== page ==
Carlo Maderno died on this day in 1629 in Rome, where he had risen to become one of city’s most important architects. Maderno is seen as a crucial link between the rather prosaic architectural style that dominated Rome at the end of the 16th century and the exciting developments of the Italian Baroque. He collaborated often and was a mentor to many, including the Baroque genius Francesco Borromini. Maderno worked on many of Rome’s major churches and palaces, as well as villas for the surrounding countryside. Among his best known works is the completion of St. Peter’s basilica, which included extending the western arm into a nave and completing the building’s facade.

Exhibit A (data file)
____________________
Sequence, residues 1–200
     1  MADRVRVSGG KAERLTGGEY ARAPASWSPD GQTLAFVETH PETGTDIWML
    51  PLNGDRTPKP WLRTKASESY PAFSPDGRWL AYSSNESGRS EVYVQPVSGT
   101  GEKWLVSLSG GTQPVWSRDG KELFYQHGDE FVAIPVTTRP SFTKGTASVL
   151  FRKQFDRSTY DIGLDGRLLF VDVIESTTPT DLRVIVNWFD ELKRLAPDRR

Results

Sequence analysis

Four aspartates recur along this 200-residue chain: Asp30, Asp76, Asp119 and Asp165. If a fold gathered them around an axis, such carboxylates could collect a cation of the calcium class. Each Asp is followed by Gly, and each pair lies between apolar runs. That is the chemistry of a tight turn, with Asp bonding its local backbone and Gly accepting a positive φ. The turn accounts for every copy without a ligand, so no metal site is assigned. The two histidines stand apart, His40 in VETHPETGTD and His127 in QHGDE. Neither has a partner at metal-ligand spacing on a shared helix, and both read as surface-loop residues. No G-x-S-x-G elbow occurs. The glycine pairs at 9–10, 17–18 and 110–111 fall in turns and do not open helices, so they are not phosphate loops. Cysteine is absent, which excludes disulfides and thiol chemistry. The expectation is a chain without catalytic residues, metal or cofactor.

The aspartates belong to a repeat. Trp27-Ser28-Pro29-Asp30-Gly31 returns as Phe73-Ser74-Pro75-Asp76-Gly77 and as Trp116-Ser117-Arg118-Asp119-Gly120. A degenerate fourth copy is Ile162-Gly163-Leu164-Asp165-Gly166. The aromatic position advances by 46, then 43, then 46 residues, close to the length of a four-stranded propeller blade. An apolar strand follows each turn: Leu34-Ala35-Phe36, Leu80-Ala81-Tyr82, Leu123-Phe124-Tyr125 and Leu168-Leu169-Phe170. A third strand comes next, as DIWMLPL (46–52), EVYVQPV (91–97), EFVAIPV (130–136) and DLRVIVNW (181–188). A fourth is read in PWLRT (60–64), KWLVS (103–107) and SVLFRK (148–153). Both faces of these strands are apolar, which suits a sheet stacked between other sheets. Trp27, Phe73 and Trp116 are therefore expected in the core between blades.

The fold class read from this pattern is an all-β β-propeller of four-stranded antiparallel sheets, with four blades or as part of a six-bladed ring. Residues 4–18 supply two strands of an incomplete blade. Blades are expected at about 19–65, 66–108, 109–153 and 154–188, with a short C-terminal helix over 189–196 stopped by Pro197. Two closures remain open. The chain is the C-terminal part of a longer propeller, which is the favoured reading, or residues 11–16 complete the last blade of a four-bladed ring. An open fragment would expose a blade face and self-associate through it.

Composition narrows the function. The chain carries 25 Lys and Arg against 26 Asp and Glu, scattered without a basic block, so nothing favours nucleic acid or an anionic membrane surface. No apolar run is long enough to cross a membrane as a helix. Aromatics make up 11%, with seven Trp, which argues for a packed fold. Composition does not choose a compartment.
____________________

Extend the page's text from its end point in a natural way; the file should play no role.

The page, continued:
Reference: Patricia Waddy. “Maderno, Carlo.” Grove Art Online. Oxford Art Online. Oxford University Press. <http://www.oxfordartonline.com/subscriber/article/grove/art/T052980>.
Commemorative stamp for the architect’s 400th anniversary, 1956
Plan for New St. Peter’s, 1603-25
Facade, St. Peter’s Basilica, Rome, 1603-26
With Giovanni Fontana, Villa Aldobrandini, Frascati, Italy, early 17th century; image copyright Jon Bogen
Palazzo del Quirinale, Rome, 17th century; image: Alan Cole
S. Susanna, Rome, 1597–1603; photo credit: Scala/Art Resource, NY